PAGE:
Small space, big learning

After spending a good year and a half serving in the Swedish Submarine force (in the late 90’s), I often thought about whether it was simply a duty or whether this had brought me some learnings for the future as well. I was uncertain for a while but almost two decades later working within finance, I have found a few very useful learnings I can attribute to my time submerged in the Baltic Sea.

1. It is interesting

The first thing that struck me a couple of years afterwards was that what started as an interesting story to tell people in a bar turned into an interesting story to tell people in job interviews. Most people are either fascinated or scared to death about the fact of being locked in a submarine but regardless they still want to talk to you. Over the last ten years I have had more people wanting to discuss underwater acoustics and the realism level of The hunt for Red October than financial planning with me during interviews. The experience I have from naval warfare has turned out to be a larger asset for me than any university diploma. In the end, everyone who applies for the jobs in my current line of work has attended university. Not many have played hide and seek with helicopters and corvettes in the narrow waters of Sweden, the very same waters where live depth charges were dropped on suspected foreign submarines in the eighties.

2. Accountability is key

The general rules for a Swedish submarine (UBR:FL allmän) states that the failure of one man to complete his task may put the lives of the entire crew in danger. In the finance departments I work in today we try to avoid real danger, but to assign (and let people keep) absolute accountability with no exceptions is a big step towards creating a high performing team in any environment. This has been a very good lesson to remember because, personally, I think this is one of the major problems many companies have today. After almost six years as a management consultant and countless “current state assessments”. Number 1 issue is always (ok, loose use of the term always): Unclear roles and responsibilities.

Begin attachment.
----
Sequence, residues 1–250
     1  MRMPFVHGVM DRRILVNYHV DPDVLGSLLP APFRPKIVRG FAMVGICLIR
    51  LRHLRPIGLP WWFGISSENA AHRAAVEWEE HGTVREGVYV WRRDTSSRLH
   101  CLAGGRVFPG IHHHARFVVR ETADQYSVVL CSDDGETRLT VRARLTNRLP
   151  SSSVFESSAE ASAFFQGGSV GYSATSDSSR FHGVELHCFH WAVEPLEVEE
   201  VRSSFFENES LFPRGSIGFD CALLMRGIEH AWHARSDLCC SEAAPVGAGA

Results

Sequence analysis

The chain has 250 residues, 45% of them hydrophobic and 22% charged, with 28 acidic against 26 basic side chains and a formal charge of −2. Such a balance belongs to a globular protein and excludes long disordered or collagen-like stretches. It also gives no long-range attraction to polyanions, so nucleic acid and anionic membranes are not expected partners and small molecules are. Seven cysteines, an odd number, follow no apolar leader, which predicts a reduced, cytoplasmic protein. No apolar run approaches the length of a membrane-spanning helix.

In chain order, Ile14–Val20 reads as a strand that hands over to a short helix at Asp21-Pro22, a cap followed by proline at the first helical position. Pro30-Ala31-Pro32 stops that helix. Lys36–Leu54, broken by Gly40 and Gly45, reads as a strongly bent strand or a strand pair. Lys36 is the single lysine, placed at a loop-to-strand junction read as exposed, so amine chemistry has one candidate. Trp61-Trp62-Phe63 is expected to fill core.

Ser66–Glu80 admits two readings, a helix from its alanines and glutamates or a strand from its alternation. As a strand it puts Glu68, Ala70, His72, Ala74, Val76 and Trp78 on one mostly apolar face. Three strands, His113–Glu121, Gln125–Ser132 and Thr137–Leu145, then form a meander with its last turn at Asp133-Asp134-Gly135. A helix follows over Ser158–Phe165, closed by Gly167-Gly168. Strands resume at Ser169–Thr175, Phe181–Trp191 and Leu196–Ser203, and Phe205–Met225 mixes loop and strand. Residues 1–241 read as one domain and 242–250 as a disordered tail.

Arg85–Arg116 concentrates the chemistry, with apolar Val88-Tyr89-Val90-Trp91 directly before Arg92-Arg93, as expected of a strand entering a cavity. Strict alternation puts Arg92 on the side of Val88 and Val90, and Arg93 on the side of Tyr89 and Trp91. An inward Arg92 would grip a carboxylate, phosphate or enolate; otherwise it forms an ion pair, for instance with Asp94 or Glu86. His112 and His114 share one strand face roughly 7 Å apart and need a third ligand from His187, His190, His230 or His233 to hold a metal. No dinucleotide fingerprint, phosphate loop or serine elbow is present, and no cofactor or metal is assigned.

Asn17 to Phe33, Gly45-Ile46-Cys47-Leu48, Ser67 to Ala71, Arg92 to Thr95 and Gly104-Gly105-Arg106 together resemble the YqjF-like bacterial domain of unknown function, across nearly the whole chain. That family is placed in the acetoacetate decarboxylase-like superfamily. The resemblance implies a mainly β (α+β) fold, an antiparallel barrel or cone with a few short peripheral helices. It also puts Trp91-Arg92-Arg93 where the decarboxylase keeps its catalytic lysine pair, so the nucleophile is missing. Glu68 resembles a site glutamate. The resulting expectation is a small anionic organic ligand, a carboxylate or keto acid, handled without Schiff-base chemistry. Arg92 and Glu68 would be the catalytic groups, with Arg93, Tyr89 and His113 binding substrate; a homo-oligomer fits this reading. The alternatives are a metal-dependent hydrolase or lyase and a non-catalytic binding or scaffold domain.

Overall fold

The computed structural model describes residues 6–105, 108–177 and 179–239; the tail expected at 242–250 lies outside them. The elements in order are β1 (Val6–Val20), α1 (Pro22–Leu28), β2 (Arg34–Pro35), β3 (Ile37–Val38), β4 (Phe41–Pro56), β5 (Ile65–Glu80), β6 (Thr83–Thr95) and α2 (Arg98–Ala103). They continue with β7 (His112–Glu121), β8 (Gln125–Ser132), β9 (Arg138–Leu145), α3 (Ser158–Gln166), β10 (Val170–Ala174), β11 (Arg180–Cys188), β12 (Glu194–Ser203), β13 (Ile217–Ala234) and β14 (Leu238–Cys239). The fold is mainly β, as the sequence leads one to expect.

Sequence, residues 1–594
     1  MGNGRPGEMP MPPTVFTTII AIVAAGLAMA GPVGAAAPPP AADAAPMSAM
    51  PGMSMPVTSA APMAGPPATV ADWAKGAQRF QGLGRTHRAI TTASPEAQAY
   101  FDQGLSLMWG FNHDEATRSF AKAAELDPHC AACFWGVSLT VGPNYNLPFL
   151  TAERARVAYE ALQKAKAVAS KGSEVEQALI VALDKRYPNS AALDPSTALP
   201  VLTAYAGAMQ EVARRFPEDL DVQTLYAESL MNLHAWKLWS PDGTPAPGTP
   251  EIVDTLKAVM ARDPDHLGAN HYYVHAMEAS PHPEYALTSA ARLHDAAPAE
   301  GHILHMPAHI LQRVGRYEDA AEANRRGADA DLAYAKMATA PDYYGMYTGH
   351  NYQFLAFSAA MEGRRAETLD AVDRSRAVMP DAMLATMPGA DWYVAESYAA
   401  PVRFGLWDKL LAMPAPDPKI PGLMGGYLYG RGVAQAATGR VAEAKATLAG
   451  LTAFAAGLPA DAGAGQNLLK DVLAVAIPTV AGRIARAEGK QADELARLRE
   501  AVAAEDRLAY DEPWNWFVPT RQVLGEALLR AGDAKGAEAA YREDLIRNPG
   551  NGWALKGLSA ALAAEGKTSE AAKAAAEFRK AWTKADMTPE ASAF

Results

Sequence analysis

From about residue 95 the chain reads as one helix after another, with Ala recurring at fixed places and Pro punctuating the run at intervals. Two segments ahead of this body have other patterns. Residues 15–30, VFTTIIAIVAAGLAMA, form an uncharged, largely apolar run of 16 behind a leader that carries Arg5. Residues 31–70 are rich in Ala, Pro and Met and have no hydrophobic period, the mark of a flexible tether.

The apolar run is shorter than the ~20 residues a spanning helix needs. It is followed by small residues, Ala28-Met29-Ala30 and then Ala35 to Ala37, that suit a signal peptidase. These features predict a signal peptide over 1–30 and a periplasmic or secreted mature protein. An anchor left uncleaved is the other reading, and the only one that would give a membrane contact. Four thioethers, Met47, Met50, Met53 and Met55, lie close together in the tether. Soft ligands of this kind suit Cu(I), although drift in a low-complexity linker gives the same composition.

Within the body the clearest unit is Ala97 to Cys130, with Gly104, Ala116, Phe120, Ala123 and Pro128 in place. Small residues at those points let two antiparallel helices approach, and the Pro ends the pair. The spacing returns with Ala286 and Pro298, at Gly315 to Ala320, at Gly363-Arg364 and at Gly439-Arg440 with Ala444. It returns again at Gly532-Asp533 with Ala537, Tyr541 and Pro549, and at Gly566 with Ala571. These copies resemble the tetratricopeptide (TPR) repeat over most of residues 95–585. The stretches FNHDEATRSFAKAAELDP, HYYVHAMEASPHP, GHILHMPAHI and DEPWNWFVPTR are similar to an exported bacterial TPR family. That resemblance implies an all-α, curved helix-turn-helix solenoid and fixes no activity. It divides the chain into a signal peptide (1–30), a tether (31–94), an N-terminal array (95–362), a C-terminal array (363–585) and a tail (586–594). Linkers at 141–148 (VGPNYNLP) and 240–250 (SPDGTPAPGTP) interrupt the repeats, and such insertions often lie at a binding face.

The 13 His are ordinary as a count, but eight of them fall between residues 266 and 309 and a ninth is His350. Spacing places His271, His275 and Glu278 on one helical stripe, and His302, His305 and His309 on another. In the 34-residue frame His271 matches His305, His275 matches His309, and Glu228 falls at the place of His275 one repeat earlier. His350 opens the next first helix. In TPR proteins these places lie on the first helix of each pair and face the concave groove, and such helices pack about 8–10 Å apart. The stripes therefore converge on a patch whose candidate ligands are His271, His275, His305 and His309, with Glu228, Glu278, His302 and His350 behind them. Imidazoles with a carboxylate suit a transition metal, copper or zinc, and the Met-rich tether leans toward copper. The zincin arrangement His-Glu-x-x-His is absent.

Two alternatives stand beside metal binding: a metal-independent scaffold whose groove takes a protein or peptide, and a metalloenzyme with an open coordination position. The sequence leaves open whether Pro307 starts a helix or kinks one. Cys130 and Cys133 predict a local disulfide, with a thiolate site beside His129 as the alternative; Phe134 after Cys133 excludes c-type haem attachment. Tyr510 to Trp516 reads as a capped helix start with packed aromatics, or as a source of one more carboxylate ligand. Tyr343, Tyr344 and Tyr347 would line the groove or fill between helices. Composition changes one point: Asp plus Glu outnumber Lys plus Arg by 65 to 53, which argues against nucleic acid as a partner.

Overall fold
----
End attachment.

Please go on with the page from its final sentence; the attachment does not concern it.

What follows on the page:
3. “Feel”, and the discipline to follow it

When having a coffee in the mess you can make a joke about the Captain’s new haircut or his inability to lower his golf handicap. When you are in the command central there is no fun and games. You will be alert, you will pay attention and you will obey commands without hesitation. Blind obedience may not be something for civilian life but to have a well developed sense of how to relate to others in different situations is extremely useful, not to say necessary, also in the business world. When is it ok to make a joke about a client and when is it not? There are no real rules on that, but it is annoying when people lack the “feel” to realise when to act one way and not another. Needless to say, honing these skills in an environment where you would be properly punished for using them incorrectly was very useful.

4. Staying on target

To keep the goal in your sights is a challenge in most offices. I have spent time in many open office spaces with direct line of sight, and hearing, from a lot of people. When half of them are on the phone I sometimes tend to lose focus, get frustrated and annoyed and it slows me down. Could you imagine sleeping, eating and working in the large conference room together with these people for weeks at a time? That makes it even harder to avoid being drawn into unnecessary discussions that, if you look at them with some perspective, are completely unimportant. During my time in the service the credo was to just get on with it. If you have problems with someone or something, that can be solved later but you do not, never ever, let yourself get drawn into disputes or discussions that will take your attention away from the task at hand.

To wrap it up

These were just a handful of important things I learned during my time in the Navy that has been immensely useful also in Civilian life. I think this highlights the military’s ability not only to train people for war but to educate people to contribute in the civilian world as well. With this in mind I no longer have doubts about how useful this experience was for me. If I could go back and re-think my choice to check the box that said “submarine service”, I would do it again.

The original (Swedish) version of this article was printed in “Flottans män” (Men of the Navy), a Swedish Navy Alumni organisation magazine, in 2008.

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